Pop the pan into the oven and bake for fifteen minutes. When they come out of the oven, the cups will be a little raised and puffed up. Use a dowel or small jigger glass to push them back down so that they are nice and flat on the bottom. Cool and fill with whatever you like.
I LOVE Greek yogurt with a little honey, nuts, pumpkin seeds and dried fruit. I also like it with mixed fresh fruit. But I do NOT like the store bought fruity versions of yogurt that are supposed to be sooo healthy. You know, the kind with fruit sauce in it and lots of sugar. If it’s fat-free, then it’s sugar-high. If it’s sugar-free, then it has an awful artificial sweetener in it. Plus the fruit usually looks like some kind of pureed something. I don’t know what, but it’s not pretty fruit anyway.
I spent a good deal of my youth picking fruit in the orchards of Silicon Valley. Yep, there used to be a ton of orchards and way less silicon back then. How times have changed. Anyway, back to the story- I KNOW what the over-ripe, mildewed fruit looks like that is set aside for large companies to make jams and jellies and canned stuff. Did you know that, in canned goods, the companies bleach the offending coloration and mildew off of the produce and then they add color back in? I’m not kidding. That’s why all of the carrots and peas look suspiciously the same color and shade when you open a can. Work a few summers in the fruit and vegetable biz and you will know far more than you ever wanted to know about processed food. So now you know why I want to make my own fruit sauces.
OK, back to the homemade fruit sauce. I’ve been wondering how I can make it with no sugar – or even very little sugar. I already know how to make a great sauce with two cups of sugar in the boil. It thickens up very nicely with all of that sugar. But I wondered if there was some other, low cal and body friendly type of thickener that I could use.
There is! It’s called Pomona’s Universal Pectin. The box claims that it jells with low amounts of any sweetener. I decided to give it a try. It turns out that I gave it a lot of tries. I experimented with both mixed berries and pears. With both kinds of fruit, I used either Stevia, honey, or Wax Orchards Fruit Sweet. In different batches, of course. The Stevia is no- cal and the other two sweeteners have calories. The Wax Orchard and the honey have about the same amount of calories per teaspoon, but the Fruit Sweet is twice as sweet as honey so you use only half the amount and are, in effect, eating half the calories. It is organic, natural and made with the juice of fruits and it’s delicious. I highly recommend it as a sweetener.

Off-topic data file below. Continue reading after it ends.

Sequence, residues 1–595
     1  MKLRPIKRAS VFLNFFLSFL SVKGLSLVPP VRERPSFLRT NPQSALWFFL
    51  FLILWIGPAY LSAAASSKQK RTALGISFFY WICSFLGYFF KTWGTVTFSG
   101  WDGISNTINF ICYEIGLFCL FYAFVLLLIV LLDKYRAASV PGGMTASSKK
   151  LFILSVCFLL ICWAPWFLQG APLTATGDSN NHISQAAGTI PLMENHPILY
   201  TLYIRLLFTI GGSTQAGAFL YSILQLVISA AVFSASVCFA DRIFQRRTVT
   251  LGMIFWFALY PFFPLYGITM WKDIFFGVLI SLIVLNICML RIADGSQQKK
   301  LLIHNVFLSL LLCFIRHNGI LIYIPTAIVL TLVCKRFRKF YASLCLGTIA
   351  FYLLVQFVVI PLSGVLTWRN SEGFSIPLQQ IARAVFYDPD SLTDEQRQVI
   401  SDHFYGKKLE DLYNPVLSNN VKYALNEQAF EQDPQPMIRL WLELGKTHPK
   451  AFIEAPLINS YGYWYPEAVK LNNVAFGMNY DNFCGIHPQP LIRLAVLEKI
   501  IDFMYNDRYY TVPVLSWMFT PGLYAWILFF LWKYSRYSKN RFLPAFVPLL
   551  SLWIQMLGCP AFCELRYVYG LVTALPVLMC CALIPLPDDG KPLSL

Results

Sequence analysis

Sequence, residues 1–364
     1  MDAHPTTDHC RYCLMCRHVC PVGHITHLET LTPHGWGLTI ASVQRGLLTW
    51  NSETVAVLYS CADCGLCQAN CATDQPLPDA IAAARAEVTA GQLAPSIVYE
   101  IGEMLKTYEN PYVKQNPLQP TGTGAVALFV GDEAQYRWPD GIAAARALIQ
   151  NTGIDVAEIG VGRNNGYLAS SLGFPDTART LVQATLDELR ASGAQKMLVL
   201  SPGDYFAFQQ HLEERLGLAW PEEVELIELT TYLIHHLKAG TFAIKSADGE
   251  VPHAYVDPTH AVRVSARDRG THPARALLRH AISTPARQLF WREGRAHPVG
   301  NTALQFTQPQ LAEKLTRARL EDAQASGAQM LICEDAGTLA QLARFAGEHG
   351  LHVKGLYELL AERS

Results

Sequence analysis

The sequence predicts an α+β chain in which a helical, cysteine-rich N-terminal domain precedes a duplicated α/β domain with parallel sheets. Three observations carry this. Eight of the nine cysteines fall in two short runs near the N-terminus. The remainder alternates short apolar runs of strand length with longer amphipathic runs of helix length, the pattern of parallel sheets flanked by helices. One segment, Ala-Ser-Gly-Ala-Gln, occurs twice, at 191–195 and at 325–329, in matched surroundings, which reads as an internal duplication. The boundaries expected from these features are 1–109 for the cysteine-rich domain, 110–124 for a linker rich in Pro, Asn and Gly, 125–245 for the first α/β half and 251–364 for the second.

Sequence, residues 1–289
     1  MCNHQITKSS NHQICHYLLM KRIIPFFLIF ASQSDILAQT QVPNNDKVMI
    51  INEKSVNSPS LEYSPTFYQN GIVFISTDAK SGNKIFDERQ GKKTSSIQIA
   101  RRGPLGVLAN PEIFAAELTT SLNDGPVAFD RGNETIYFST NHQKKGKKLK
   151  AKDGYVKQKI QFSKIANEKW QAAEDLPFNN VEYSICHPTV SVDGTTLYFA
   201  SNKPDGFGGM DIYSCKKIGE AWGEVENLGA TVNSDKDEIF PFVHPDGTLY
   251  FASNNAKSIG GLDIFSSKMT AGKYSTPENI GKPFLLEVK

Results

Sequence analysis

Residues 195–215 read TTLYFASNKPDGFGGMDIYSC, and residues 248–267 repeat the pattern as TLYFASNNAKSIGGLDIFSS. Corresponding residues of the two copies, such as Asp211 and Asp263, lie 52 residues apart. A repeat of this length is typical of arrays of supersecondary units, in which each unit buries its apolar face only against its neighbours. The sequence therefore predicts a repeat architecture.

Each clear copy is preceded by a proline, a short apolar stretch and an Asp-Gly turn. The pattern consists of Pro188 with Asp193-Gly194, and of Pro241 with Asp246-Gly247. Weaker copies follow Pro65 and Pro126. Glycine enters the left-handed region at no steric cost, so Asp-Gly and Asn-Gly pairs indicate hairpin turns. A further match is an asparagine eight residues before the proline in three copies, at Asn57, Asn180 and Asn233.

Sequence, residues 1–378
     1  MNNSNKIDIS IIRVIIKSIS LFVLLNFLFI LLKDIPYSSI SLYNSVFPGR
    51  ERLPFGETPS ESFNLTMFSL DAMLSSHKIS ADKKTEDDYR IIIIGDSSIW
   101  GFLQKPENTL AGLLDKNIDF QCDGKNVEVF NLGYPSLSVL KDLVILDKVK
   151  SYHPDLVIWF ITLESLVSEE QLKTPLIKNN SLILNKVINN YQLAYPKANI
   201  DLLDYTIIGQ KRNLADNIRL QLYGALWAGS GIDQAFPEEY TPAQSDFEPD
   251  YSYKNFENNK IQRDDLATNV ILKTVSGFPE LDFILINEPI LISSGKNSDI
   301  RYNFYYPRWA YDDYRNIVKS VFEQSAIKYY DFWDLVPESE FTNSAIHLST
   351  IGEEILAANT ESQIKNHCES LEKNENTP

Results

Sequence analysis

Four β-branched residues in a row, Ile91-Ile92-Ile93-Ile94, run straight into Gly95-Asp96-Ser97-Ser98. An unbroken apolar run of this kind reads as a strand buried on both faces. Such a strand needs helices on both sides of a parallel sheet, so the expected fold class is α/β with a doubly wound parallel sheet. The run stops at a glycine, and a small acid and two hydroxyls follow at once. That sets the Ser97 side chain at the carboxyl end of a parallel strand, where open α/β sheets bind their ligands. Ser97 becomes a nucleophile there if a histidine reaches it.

With this pectin, you can make jam, jelly, fruit sauce or syrup. This time I want fruit sauce instead of jam for my yogurt so, I’m using one part fruit to one and a half cups water.
The box of Pomona’s comes with a small packet of calcium and a larger packet of pectin. With low or no sugar, the pectin needs some of the calcium to work. So, before you do anything, prepare your calcium water. To do this, combine ½ teaspoon calcium powder with ½ cup water in a small, clear jar with a lid. Shake well. Extra calcium water should be stored in the refrigerator for future use.
1/2 tsp Pomona’s fruit pectin powder for low sweetener amounts
1 tsp calcium water (powder and instructions included in the Pomona’s pectin box)
Whichever sweetener you like. For the sugar free version, I used four small packets of Stevia. If you don’t mind a little sugar, then Honey, maple syrup, Agave or Wax Orchards Fruit Sweet work great too.
Tip: You can use this pectin to make fruit syrups, sauces, jams or jellies. To make a syrup you use way less pectin then to make a sauce and so on with Jam using the most pectin. The instructions in the Pomona’s packet are for thicker jellies and jams so measure out accordingly. My syrup takes only 1/4 the amount listed in the Pomona’s recipes.And my sauce is only 1/2 the amount.
To get started on the sauce, choose about a cup of berries and rinse them off. I make small batches that I know will be used up in a week’s time but you can definitely double or triple the recipe if you like.
In a separate bowl, add one half teaspoon of pectin powder and your sweetener. Stir to mix well. In my experiments, I used four packets of the Stevia, or four tablespoons of the honey or two tablespoons of Fruit Sweet. Set aside. (The fruit sweet turned out to be my favorite.)
To a sauce pan, add the berries and one and a half cups of water plus one teaspoon of calcium water. Bring to a roiling boil.
Add the sweetener with the pectin, stirring constantly to dissolve the sweet/ pectin mix. Continue stirring for another minute or so.
Transfer the sauce to a glass jar and cool in the refrigerator. When the sauce has cooled, it will be jelled. Stir it up and you are ready for a treat.
Pictured is a sugar-free pear simple syrup, mixed berry simple syrup, green tea with the berry syrup, yogurt and mixed berry sauce and a bowl of the jelled sauce itself. All of it made very easily with the Pomona’s Pectin.